What, do you wish to know our Lord’s meaning in this? Know it well, love was his meaning. Who reveals it to you? Love. What did he reveal to you? Love. Why does he reveal it to you? For love. Remain in this, and you will know more of the same. But you will never know different, without end.” Julian of Norwich
I’ve been gone on retreat – 24 hours – away from the beginning of one day’s nap until the end of the next. They’re ecstatic to see me, my little cherubs, their faces still red and their downy hair wet from a good, hard nap. I sit on the couch and they perch on my lap, one on each leg.
Between gulps of juice, Levi accuses me of having gone on vacation.
“You, ta-chun?” he asks, again and again until I grasp his garbled question.
“Me, ta-chun!” he demands, in a voice ripe with the accusation of one left behind.
Isaiah tucks himself in under my arm, nestling down with his head on my chest. Looking up, he makes lovey-eyes at me, his face spread wide with a look of pure pleasure. I kiss his cheeks and he slides himself out from time to time, resting his cheek on his hand and gazing up at me with complete and utter adulation. Right here, right now, he is love embodied and pure love and delight rolls off of him in waves.
Laughing, I turn to my husband, “He is so in love with me right now. It’s adorable.”
Later in the week, I take the twins to a local green house where we eat lunch in a little cafe. Isaiah holds his bun-less hotdog like a cigar, taking bites from the end. Once the hot dogs and chips are gone, they move on to the bread, dipped in ketchup.
Then the game of “throw-away” begins as they clear the table of all debris, making multiple trips to the trash can a few feet away. Their chests puff out a little more each after each trip until finally the table is cleared except for the large plastic tray. Handing the tray to Levi, I tell him to place it on top of the trash can. Clutching it, he throws his shoulders back and long-strides across the room.
By this time he has an audience, an older gentleman stands watching from a few feet behind.
“How sweet,” the man murmurs, before leaning in to ask about my boys. I explain they’re twins and his response, “That must be a lot of work,” pleases me.
Then he tells me how he met his wife in 1948 and that they were friends for two years before becoming something more than friends. His blue eyes twinkle with love-light as he talks and I can tell he can’t hear a word I say, so I listen with a wide-eyed smile.
“I still remember it, like it was today,” he says. “She took my hand in hers and said, ‘Roger, I sure do love you.'”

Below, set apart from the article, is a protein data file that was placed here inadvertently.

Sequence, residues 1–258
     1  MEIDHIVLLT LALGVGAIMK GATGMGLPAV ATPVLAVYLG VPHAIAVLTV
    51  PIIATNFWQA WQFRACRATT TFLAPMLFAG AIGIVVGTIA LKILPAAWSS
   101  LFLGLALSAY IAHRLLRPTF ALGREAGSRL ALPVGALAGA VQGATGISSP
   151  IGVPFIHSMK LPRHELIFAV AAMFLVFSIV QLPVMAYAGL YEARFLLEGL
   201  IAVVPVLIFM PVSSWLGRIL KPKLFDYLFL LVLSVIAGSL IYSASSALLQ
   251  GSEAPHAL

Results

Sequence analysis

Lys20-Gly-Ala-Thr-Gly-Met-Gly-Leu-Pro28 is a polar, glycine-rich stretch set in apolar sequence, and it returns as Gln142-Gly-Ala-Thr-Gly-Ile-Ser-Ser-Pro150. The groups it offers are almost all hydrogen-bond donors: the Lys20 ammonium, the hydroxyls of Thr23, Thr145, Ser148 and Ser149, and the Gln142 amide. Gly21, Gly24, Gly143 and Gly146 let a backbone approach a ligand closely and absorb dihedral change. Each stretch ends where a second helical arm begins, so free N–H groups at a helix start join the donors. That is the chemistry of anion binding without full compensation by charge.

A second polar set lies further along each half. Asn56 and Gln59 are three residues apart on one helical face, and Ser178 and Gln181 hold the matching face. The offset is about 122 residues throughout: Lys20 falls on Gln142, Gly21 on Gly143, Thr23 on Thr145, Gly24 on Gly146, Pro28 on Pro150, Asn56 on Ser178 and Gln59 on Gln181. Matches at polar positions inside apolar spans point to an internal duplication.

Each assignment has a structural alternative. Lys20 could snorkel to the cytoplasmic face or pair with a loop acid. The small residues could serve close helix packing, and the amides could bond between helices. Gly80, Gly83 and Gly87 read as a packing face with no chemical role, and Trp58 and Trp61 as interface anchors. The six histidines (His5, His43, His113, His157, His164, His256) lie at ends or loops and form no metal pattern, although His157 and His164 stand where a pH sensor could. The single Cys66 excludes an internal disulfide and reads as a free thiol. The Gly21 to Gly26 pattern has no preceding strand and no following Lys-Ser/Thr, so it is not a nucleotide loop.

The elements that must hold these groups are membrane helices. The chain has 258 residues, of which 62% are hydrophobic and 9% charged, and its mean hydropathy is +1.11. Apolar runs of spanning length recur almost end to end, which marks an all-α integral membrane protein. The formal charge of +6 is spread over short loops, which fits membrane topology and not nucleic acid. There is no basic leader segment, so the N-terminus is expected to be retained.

Then he told me how they had three girls, all in a row, motioning once with his hand for each daughter and how he expected the next might be a boy. His wife said no, though, she wasn’t having any more children and figured that three girls was a big family as it was. “You don’t want any more children,” she told him, but I could see right there in his eyes that he did.
“But they grew up,” he continued, “and got married and gave me grandchildren and now those grandchildren are married.” He seemed overwhelmed by the goodness, the marvel of it all, the way life opens up and multiplies around us.
Now this whole time, my boys were winking and wiggling at the table, eating bread and murmuring subtle and not-so-subtle hellos in his direction. As he turned to join his wife who was waiting for their meal at the lunch counter, Levi leaned into me, his blue eyes wide. All serious and sweet he asked again and again, “Me hug, me hug?”
Surprised by his boldness I checked two or three times to be sure, “You want to hug him?”
“Yeah,” he replied, with a relieved smile.
By this time Isaiah had worked his way around the table, he wanted to hug too and he kept taking two steps forward, then back.
“Ok,” I said, “you can hug him.”
I gathered their coats and Levi’s hand found mine as Isaiah ran ahead, surprising the man with a bear hug from behind. The man turned, surprised, delighted and Isaiah did his happy dance then ran forward again, his arms spread wide and the man bent down to receive him.
Levi hung back, his hand in mine, caught in indecision before leaning in with a hug of his own.
It was three years ago in January that we found out we were expecting twins. An unexpected pregnancy, life interrupted times two and oh how I struggled to make sense of it all.
Julian prayed for fifteen years to know the meaning of her revelation and I’ve waited nowhere near as long, but stumbling across her words this weekend I realized that the meaning was the same. These boys, oh, these boys, how they’ve made life open up and multiply around us. Stretching my belly, my arms, my heart, there’s no area of life that’s been unchanged, unexpanded by this love and now my prayer is this, may we never know different, without end.